Stilton cheese is one thing that is associated with Christmas in the UK, where it is normally served with port. Stilton has achieved protected designation of origin status, meaning only cheese produced in a specific region can lay claim to the name Stilton (similar to only wine produced in the champagne region can be called champagne). I was unable to track down authentic Stilton cheese, so substituted with an excellent Australian produced blue cheese, Berry’s Creek Tarwin Blue. You could of course, use your favourite blue cheese.
I made my own pastry cases from a sheet of frozen puff pastry, but if you wanted to take a shortcut you could use pre-bought pastry cases or that seventies canapé favourite the vol-au-vent. If you are lucky enough to be able to track down fresh figs, use them. Fresh figs are in short supply in Sydney at the moment, so I resorted to dried figs.
What I was cooking this time last year: Spicy Bean Soup
Blue Cheese and Fig Tartlets
- Cooking oil spray
- 1 sheet of frozen puff pastry, defrosted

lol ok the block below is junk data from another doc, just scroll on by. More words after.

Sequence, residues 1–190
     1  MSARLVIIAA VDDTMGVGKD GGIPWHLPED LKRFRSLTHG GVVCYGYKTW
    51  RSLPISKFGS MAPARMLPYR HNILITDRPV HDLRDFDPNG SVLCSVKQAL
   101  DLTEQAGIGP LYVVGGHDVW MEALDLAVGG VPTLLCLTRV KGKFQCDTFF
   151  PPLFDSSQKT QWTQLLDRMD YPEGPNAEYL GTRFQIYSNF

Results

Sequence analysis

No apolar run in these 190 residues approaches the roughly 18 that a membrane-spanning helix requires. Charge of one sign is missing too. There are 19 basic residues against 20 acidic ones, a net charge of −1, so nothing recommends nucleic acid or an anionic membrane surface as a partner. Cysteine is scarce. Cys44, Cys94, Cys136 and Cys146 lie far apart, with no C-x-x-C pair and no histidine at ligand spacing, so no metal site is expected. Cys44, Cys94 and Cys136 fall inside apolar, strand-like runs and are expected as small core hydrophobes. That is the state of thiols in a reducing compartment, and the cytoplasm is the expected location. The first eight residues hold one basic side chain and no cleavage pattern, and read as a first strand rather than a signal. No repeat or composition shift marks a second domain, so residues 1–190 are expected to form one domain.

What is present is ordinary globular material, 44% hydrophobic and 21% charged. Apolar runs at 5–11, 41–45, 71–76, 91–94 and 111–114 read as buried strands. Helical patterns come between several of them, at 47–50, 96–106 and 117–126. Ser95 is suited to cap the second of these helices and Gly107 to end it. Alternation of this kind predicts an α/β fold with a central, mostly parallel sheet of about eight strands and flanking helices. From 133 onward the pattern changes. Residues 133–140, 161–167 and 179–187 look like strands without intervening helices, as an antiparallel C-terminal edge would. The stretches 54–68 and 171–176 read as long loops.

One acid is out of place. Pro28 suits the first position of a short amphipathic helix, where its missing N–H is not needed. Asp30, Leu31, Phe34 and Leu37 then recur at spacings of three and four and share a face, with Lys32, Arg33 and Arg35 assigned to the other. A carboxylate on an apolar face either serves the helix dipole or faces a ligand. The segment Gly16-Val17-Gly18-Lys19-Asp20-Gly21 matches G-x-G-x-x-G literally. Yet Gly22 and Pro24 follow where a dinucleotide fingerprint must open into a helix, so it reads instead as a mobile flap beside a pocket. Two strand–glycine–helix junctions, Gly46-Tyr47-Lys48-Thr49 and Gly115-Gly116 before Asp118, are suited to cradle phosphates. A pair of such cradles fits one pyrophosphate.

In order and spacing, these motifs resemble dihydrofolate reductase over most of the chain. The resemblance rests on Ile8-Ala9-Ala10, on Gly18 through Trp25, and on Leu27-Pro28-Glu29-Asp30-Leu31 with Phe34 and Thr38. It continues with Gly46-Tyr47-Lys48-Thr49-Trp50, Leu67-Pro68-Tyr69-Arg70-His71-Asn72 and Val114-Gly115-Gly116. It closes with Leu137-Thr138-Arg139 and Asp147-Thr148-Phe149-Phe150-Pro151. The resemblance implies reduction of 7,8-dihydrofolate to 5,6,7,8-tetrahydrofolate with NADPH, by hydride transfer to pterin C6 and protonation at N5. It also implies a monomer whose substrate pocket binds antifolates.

- 4 dried figs
- Cranberry sauce
- 100g blue cheese
- Turn the oven on to 200°C.
- Spray a baking tray with cooking oil spray.
- Cut the sheet of pastry into quarters, then each quarter into quarters again.
- Cut a smaller square inside each piece of pastry square.
- Flip the outer corner of the pastry square to the inside corner, and repeat with the opposite corners to create a tartlet.
- Push down the ends, and repeat until all of your pastry squares have been converted into tartlets.
- Cook for approximately 10 minutes.
- Take the pastry tartlets out of the oven and push down the center of the tartlets.
- Return the tartlets to the oven and cook for another 10 minutes or until golden.
- Once the tartlets are golden, add some chopped fig, blue cheese and a small dollop of cranberry sauce to each tartlet.
- Cook for approximately 5 minutes or until the cheese is melted.
- Your tartlets are ready to serve. Enjoy.
What is your favourite canapé? Has this post inspired any new ideas?